NCAA enforcement is allegedly seeking access to Stalions’ computer and electronic devices, presumably to see if there is any evidence of recorded sign-stealing — though sources speaking to ESPN have not yet confirmed the scope of the NCAA’s interest into the staffer.

If Stalions and others were indeed traveling to games to film the signals of opponents it would be the most widespread sign-stealing scandal in modern U.S. sports. Both the Astros and Patriots had their own scandals, however both centered on using recording equipment in their own facilities to gather information on their opponents. Where the Michigan allegations differ is having employees travel to away games and potentially film inside their stadiums, which is far beyond the scope of that the Astros and Patriots did.

The timing of the alleged sign-stealing is quite curious

Both the Yahoo and ESPN reports peg 2021 as the start of this potential scheme. This coincides with Harbaugh having success inside the program. In the six seasons prior under Harbaugh the Wolverines had a combined record of 49-22, since the scheme allegedly began the team has seen a tremendous jump in play, posting a 29-3 record.

This notably comes predominantly on the defensive side of the ball, where the alleged sign-stealing take place.

Michigan defense, 2015-present

Year Opponent Points Per Game National Rank
Year Opponent Points Per Game National Rank
2015 31.4 49
2016 14.1 2
2017 18.8 13
2018 19.4 16
2019 20.7 25
2020 34.5 95
2021 17.4 8
2022 16.7 7
2023 6.7 1

Prior to the alleged sign-stealing in 2021 Michigan had an average rank of 31 in points allowed under Harbaugh. Since the alleged scheme began that has risen to an average rank of 5th.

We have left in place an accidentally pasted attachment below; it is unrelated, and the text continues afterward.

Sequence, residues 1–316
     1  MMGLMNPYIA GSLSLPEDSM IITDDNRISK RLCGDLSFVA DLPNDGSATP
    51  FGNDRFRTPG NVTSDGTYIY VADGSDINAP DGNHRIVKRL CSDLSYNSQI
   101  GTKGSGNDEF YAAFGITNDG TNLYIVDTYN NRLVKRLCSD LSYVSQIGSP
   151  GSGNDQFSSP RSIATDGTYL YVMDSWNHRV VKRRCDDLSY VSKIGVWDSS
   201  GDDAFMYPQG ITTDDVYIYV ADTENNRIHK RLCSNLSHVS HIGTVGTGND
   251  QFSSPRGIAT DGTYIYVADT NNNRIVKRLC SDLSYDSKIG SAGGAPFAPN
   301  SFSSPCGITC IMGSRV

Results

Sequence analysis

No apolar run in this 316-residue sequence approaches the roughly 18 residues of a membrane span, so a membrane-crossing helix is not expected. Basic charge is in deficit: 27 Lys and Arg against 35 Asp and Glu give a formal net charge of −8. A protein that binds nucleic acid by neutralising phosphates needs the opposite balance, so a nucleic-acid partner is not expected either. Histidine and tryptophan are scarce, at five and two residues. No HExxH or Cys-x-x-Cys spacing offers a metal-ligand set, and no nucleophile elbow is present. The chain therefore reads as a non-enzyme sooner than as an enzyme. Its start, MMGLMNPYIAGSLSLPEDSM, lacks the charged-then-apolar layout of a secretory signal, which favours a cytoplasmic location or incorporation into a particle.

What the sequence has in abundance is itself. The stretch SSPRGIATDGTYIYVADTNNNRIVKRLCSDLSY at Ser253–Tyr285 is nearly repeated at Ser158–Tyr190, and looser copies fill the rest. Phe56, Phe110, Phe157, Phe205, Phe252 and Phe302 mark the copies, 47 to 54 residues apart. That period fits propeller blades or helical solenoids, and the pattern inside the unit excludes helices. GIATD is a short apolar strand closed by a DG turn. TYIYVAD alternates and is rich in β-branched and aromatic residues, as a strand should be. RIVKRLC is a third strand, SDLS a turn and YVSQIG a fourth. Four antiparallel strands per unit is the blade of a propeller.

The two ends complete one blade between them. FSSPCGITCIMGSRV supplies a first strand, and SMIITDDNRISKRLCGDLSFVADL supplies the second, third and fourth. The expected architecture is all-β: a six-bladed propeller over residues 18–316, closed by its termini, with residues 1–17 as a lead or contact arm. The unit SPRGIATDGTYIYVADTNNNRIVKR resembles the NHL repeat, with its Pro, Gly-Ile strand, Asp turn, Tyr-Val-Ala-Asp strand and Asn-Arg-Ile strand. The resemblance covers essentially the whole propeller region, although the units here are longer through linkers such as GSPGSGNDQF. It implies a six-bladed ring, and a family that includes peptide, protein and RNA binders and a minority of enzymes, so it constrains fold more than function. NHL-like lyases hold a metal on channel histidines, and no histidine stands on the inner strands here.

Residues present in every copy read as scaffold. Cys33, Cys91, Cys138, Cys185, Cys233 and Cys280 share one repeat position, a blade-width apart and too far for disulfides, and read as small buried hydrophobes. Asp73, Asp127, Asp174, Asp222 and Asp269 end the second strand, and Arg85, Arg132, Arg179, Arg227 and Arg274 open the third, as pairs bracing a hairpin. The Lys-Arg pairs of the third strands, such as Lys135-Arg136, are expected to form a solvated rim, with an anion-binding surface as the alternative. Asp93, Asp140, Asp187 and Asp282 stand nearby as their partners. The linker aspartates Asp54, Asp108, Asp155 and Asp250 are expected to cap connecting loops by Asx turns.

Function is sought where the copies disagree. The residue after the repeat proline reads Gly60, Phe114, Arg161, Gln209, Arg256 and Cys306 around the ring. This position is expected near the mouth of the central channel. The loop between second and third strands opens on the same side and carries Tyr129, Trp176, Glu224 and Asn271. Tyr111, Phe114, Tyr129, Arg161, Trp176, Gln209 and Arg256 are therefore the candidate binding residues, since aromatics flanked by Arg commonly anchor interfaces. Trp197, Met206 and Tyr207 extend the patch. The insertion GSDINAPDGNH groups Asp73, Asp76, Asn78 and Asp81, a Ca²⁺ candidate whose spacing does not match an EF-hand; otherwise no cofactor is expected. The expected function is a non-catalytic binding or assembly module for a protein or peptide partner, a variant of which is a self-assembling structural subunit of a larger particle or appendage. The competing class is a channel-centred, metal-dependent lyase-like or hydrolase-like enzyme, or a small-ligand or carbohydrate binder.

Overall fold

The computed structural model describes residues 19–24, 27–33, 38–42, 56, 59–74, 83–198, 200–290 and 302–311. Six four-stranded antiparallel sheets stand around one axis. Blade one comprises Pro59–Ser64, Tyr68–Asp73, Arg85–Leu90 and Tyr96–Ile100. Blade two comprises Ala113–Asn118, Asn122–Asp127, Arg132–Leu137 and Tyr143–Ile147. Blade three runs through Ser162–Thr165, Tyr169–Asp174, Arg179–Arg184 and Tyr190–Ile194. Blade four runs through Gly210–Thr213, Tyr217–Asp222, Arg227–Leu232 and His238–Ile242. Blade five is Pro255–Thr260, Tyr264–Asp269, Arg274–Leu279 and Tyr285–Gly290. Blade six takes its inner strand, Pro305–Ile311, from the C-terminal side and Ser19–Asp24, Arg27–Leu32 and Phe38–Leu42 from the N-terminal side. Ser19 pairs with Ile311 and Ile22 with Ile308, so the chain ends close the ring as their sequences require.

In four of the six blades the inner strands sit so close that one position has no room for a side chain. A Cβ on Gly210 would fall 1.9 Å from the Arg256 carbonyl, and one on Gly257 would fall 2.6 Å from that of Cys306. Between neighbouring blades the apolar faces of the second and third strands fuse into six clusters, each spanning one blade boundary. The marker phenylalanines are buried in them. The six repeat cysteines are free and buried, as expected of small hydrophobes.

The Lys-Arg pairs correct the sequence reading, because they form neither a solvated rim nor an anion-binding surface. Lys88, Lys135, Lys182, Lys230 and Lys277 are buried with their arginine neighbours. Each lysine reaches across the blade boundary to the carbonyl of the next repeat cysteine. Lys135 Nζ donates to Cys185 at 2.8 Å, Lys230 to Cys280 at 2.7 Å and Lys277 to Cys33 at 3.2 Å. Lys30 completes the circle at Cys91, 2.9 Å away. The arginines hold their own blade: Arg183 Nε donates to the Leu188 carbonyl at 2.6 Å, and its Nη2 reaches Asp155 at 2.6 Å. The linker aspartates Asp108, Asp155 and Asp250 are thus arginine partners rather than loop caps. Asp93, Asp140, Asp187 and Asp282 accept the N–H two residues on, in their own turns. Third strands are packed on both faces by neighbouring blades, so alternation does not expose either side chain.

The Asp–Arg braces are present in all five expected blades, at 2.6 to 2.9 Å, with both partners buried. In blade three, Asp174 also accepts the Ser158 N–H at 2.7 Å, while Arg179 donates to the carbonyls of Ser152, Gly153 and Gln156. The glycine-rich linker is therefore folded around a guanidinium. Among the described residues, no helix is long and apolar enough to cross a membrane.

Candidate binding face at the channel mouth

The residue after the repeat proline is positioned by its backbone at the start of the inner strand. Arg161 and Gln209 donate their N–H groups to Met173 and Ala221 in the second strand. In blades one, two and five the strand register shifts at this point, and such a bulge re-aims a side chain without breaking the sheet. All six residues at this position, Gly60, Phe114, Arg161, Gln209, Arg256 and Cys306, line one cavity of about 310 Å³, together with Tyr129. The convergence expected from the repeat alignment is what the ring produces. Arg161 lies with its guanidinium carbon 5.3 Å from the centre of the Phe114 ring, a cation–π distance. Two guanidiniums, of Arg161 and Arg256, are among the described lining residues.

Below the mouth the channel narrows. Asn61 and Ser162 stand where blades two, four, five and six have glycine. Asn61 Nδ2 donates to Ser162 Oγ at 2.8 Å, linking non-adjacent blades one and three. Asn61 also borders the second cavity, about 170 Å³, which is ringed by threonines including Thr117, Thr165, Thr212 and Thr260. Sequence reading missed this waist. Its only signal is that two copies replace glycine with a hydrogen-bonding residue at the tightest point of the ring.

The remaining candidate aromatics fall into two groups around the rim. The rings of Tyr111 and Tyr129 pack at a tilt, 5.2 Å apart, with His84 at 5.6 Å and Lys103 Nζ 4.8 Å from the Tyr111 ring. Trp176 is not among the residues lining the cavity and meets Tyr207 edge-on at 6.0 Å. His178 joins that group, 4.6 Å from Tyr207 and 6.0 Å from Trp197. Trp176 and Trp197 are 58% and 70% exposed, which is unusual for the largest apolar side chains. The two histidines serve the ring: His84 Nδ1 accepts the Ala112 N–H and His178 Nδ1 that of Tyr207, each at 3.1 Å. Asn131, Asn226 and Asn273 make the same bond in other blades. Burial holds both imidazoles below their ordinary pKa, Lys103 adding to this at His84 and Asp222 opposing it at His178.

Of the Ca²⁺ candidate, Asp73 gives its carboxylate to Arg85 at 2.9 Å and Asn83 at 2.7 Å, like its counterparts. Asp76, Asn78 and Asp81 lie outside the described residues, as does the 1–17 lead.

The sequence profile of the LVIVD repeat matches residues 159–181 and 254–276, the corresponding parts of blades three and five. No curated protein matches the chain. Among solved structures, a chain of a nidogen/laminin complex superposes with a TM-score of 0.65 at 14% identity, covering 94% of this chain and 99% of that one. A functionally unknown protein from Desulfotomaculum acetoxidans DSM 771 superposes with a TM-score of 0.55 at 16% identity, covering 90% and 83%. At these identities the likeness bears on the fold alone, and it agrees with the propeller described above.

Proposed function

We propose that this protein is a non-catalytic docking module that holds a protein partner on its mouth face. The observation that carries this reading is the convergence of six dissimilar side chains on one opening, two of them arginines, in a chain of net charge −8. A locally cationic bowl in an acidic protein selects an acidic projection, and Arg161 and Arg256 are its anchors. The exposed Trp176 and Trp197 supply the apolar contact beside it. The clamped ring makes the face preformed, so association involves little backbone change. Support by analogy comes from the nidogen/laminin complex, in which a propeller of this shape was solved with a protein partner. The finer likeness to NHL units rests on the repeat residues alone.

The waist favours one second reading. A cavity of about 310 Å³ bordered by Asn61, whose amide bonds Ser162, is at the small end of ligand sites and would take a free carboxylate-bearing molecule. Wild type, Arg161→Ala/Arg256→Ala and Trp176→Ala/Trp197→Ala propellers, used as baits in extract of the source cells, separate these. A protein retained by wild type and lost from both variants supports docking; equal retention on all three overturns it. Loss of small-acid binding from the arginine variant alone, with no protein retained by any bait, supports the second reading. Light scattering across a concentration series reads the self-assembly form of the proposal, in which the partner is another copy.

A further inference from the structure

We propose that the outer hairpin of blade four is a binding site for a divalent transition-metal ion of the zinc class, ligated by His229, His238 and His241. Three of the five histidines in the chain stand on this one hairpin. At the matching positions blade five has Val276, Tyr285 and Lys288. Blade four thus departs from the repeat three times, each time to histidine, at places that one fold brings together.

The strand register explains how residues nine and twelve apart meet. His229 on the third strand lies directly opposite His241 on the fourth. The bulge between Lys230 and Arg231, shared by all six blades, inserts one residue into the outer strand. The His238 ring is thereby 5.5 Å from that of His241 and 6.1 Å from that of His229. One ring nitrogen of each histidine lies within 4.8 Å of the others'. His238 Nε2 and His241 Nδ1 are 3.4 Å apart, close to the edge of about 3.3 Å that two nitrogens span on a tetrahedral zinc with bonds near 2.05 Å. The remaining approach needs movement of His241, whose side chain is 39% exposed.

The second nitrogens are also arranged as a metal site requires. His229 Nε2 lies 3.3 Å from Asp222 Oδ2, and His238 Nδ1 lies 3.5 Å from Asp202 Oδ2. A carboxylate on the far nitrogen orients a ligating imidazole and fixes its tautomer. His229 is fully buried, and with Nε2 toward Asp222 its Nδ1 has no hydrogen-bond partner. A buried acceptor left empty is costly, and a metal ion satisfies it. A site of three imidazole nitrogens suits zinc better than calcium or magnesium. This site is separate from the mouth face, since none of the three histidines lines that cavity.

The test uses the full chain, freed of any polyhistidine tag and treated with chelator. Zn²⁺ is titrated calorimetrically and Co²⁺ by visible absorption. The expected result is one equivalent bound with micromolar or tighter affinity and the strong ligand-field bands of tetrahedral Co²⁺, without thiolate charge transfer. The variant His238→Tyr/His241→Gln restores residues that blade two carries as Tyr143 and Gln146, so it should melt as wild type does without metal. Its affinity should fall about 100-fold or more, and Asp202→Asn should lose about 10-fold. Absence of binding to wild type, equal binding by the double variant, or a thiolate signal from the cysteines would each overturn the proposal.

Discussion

Correlation doesn’t equal causality, but the timing of Michigan’s rapid defensive rise is a little suspect. Outside of their 2016 season the team was middling defensively, and now they are one of the most dominant units in FBS.

In addition, 2021 was when Michigan signed Harbaugh to a massive four-year extension that paid him $7.3M per year — and came after a woeful COVID-shortened 2020 in which rumors began that the coach might be looking to return to the NFL. This was furthered in 2022 when Harbaugh interviewed with the Minnesota Vikings over their head coaching vacancy, and was linked to the Las Vegas Raiders job, before ultimately deciding to return to Michigan.

So as a total package we have a coach who was under a lot of pressure to win to justify his new contract, with a history of breaching NCAA rules, and at least flirtations with the NFL to potentially return. It’s far from a smoking gun, but it is a breeding ground where sign-stealing could have become a viable option to meet these goals.

What happens next?

We are very early in the NCAA investigation process, one that will likely take over a year to rectify. Harbaugh is still facing an official penalty from the NCAA for his COVID breaches, which aren’t expected until 2024 — which means possible penalties from this new scandal may not occur until 2025 at the earliest.

If a violation is found to have occurred by a staffer under Harbaugh’s watch it would likely result in another Level 1 violation.

We will have more on this story as it develops.